Monday, August 22, 2011

Pros and Cons: Balancing the Scales of Traveling to Multiple Schools

Every job has its ups and downs, even if you feel like you’re a piece for dirt under a shoe, or left out of the important details.  With the arts and music being the first to be cut from most school districts, it appears as if we are not considered “part of the core curriculum,” when in fact…we are!

I wanted to list some pros and cons that have been faced before in many school districts.  If you have some of your own, please list them in comments!:

Negative: I’m on a cart, stuck in a closet, with no sense of space. 

Positive:  Yes, you may not have a room, and your storage closet houses your desk, but look at it this way!  A room takes much longer to set-up and take-down, or even clean up at the end of the day.


Negative:  I don’t feel like I belong with the other teachers.  They seem to cling together when talking about standard tests and classroom activities.

Positive:  It takes time to build lasting friendships with co-workers and other staff, and sometimes it may not happen the way you want!  Your job is to convince your fellow co-workers that you are worthwhile.  Talk about their students’ personalities and how it reflects in their artwork.


Negative: I keep tripping over my cart, and items keep falling off the cart! Arg!!!!

Positive: In the morning, try and leave some of the items you’re using with certain classes within their rooms…or make a trip back to your storage room (if you have allotted travelling time between classes).  That will save on the items falling off or breaking, but I can’t help you with the cart tripping…that’s just a convenient annoyance we must deal with!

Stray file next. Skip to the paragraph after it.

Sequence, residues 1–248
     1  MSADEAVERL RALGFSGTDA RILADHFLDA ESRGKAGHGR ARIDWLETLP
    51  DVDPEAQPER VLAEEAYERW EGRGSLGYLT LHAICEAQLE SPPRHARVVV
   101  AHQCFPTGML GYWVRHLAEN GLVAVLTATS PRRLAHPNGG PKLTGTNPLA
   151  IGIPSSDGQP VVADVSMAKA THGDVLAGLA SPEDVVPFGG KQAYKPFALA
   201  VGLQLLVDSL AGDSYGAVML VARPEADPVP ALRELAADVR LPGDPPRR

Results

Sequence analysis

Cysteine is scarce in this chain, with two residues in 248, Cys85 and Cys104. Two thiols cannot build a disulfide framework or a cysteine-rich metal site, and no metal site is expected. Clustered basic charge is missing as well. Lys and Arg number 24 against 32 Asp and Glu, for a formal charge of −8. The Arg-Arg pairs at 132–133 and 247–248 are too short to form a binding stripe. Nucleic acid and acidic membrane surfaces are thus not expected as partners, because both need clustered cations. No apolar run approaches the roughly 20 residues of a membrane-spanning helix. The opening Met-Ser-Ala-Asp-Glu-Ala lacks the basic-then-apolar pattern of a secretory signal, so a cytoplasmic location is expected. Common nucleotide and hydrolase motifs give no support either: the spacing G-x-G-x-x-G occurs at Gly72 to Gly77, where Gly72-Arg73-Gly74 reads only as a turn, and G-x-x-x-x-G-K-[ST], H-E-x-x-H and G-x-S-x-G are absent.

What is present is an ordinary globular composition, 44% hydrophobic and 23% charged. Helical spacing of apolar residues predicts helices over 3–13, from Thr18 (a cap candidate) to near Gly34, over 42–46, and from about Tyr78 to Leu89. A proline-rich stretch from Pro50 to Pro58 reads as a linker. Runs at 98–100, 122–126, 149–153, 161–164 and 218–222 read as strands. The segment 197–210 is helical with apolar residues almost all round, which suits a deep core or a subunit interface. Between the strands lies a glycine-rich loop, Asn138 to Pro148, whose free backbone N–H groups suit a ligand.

Negative: The materials are too difficult to disperse in the classrooms!  The teacher just leaves no space for me!!!

Positive:  As said before:  Communication is key.  Let the homeroom teacher know you need the space, or you’ll place your items on top of their stuff. 


Negative:  No Storage for projects!!!

Positive:  True…but have you talked with the homeroom teachers about allowing some small space in their rooms to be used?  For example, the tops of closets/cabinets, or even by the window sill?  If not, talk with the administrator and ask for space in the school for certain projects that can be used temporarily.


Negative: I feel like I’m invading their room.

Positive:  True, but think of it from the homeroom teacher’s perspective…they feel like they’re invading your class as well.  This is when you work as a team.


Negative: I’m struggling with communication, I feel like I’m the last to know everything.

Positive:  Travelling from school to school?  It happens, but you can fix the important items, such as meeting dates and other important information.  Communicate with the administrators about keeping you in mind for important facts, and don’t be afraid to let them know when they’ve forgotten something.


Negative:  My car is an art storage closet!

Positive:  That can be fixed.   When ordering supplies from year to year, build up a collection of materials that can fit in your storage space, so you no longer have to carry it from school to school.


Negative:  It’s such a challenge to communicate with parents.

Positive:  I can’t lie, it is, but that doesn’t mean you stop calling them when you need to make that call.  Just find the time on another date (unless it’s urgent) and let the parent know your situation.


Negative: Disciplinary actions are hard to keep track!

Positive:  That’s another communication issue.  Discuss options with the homeroom teacher, but more importantly…call the parent!


Negative:  I always forget something at another school!!!!!

Positive:  I can’t help you there!  I do it too!  Just make sure you get to your school with enough time to pick the item up if you need to.

The list may be long, but there are also many positives to working in multiple schools, such as:

     -A chance to know the faculty at multiple schools, which is pretty nice.
     -A break from one school to the next
     -A hands-on chance to work out kinks in lesson plans
    
     -The district board members recognize your work and decorations more than most.
    
     -You brighten the students’ day when you enter the classroom
     
     -With good communication, you develop stronger collegiality.

And finally…why do you stay with your job? The wonderful look on the students’ faces when art class begins.


2 comments:

  1. Hey Heidi, I am studying this very topic for my PhD research. Would love to speak to you more.
    -Heidi Lung at hkl34c@umsl.edu

    ReplyDelete